Egypt, on this night all the Israelites are to keep vigil to honor the LORD for
the generations to come." (Exodus 12:37-42)
We learn several things from this paragraph.
- Route. The Israelites were primarily living in the area around
the store-city of Rameses and travelled to Succoth. We examine their what we
think was their route in greater detail in
- Number of Israelites. The text indicates 600,000 men, plus women
and children. That probably means upwards of 2 million people were involved
in the Exodus. While some have questioned the plausibility of this number,
we'll use it for our study.
- Time in Egypt. This completed 430 years from the time Jacob
entered Egypt, corresponding to the 400 years God had told Abraham (Genesis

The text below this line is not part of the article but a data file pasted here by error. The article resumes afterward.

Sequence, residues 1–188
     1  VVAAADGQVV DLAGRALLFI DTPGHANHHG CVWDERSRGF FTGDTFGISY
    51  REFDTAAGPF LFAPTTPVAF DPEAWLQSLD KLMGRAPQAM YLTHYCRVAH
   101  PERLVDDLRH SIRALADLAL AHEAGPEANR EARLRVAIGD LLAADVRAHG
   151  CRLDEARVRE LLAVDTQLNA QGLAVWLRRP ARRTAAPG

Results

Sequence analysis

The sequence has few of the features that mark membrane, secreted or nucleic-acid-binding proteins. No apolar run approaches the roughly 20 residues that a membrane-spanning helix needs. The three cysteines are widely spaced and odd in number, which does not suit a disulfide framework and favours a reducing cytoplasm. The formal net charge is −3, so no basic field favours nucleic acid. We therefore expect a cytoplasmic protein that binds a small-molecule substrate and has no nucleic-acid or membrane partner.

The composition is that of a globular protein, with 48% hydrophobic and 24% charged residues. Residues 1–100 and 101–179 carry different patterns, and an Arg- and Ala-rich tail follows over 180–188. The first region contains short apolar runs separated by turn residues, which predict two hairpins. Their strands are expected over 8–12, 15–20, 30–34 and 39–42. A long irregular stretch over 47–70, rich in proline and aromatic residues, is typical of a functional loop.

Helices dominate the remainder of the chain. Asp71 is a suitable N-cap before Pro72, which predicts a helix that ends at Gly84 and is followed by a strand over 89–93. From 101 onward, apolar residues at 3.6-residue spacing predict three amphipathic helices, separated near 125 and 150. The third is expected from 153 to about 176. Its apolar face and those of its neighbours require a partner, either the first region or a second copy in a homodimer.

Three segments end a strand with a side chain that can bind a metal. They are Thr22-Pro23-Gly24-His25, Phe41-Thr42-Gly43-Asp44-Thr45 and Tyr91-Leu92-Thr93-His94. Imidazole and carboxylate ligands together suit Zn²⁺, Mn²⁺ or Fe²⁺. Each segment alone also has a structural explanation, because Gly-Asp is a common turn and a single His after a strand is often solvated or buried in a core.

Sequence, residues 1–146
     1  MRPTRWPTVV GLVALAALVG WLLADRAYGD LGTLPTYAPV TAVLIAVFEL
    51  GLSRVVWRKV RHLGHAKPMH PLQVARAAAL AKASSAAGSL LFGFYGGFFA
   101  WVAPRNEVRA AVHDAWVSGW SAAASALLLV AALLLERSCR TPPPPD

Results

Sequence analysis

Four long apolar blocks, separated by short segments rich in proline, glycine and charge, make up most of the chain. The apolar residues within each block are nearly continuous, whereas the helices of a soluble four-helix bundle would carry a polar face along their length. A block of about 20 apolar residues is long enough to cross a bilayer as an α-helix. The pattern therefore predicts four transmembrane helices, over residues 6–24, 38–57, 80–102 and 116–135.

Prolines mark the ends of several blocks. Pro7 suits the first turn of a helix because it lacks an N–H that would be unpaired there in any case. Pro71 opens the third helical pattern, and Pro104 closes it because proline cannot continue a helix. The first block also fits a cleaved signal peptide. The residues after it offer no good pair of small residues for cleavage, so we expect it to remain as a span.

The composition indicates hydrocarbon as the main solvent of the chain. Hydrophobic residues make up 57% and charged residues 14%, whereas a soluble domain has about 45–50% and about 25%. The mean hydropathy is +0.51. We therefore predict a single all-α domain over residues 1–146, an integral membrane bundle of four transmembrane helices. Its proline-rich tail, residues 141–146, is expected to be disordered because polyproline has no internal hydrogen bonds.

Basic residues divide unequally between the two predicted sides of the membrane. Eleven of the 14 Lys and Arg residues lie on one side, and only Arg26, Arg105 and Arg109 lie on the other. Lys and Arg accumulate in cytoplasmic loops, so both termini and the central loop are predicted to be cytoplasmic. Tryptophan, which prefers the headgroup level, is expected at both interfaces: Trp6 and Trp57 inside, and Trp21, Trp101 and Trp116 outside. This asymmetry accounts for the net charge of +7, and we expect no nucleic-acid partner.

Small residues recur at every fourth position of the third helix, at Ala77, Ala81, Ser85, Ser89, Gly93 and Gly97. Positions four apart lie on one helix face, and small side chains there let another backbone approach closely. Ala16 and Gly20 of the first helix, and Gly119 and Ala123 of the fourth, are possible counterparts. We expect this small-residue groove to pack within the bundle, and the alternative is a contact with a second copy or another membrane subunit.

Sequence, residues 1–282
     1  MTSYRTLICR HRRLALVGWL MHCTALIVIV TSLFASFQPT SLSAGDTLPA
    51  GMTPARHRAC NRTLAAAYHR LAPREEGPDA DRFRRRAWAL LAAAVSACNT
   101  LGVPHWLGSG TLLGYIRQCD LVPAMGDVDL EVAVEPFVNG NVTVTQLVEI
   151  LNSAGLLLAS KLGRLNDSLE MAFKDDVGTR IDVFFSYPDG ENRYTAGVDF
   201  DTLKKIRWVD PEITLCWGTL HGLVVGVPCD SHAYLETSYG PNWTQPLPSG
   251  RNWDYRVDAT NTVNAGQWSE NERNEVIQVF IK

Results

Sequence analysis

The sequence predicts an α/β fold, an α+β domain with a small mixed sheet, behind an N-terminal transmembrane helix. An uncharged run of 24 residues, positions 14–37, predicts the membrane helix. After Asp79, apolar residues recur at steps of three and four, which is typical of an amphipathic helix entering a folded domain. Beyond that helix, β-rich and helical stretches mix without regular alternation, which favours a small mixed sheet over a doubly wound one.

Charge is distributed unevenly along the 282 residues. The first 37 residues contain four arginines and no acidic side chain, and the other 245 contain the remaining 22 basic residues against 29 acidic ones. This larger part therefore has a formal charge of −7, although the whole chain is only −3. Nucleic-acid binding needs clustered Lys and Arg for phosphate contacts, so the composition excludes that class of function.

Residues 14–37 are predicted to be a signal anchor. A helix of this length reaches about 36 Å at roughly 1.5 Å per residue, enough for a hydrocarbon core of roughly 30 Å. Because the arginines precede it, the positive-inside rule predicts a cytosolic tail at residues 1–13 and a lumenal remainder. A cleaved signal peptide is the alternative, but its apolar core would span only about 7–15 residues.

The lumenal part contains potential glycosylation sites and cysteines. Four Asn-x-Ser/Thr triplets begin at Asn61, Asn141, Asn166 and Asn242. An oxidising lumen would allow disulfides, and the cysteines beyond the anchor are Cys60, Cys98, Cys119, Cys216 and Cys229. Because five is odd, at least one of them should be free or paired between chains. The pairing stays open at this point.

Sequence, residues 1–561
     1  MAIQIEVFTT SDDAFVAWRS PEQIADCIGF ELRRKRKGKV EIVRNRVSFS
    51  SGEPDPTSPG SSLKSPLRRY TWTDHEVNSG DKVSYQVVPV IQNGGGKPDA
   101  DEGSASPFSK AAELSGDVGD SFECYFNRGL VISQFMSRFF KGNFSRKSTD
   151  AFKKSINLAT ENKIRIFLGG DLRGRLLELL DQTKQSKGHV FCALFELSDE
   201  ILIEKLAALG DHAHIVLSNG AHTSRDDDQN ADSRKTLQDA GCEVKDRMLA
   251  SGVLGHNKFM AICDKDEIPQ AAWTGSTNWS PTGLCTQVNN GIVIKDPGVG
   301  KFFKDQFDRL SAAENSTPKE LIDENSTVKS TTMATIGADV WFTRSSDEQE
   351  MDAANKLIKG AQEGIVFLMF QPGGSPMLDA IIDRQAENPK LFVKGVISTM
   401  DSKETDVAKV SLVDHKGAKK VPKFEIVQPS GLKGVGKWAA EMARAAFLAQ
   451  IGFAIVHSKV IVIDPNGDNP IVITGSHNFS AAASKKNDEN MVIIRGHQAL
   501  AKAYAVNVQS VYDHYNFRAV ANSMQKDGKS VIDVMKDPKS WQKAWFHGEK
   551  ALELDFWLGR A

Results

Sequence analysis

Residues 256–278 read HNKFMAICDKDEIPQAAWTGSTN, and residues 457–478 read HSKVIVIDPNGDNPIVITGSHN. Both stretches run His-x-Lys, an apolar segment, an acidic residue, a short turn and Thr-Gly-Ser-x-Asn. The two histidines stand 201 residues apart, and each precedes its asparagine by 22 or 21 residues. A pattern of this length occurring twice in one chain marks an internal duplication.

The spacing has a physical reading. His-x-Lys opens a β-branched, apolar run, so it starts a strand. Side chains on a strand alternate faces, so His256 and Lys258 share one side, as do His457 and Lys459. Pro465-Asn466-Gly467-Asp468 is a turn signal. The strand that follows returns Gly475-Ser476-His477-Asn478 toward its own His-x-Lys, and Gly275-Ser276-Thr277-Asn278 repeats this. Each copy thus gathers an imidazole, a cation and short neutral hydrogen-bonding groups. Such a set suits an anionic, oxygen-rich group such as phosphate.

15:13). Probably for about 30 years when Joseph was ruler, the Israelites
were treated well.
- God's army. In the phrase "all the LORD's divisions left Egypt"
we see a word that relates to armies (cf. Exodus 7:4;12:51).15
The narrator tells us, "The Israelites went up out of Egypt armed for
battle" (13:18b). Their weapons may have been primitive compared to the
Egyptians -- probably mainly staffs -- but they went out with a warrior
spirit, not as slaves "with their tail between their legs."
- Heterogeneous group.16
Not only Israelites left Egypt, but with them large numbers of other
oppressed peoples. Later these "rabble" cause some trouble (Numbers 11:4;
- Night Watch. Notice how this paragraph concludes; "the LORD kept
vigil that night to bring them out of Egypt" (12:42).18
The Lord took great care to pass over or to guard his people from the
destroyer and bring them through what must have been a terrifying night!
Exodus chapter 12 ends with these two verses:
"50 All the Israelites did just what
the LORD had commanded Moses and Aaron. 51 And on that very day the
LORD brought the Israelites out of Egypt by their divisions." (Exodus 12:50-51)
The people's deliverance is founded on two elements mentioned in verse 50:
- Moses and Aaron obeyed what God had commanded them.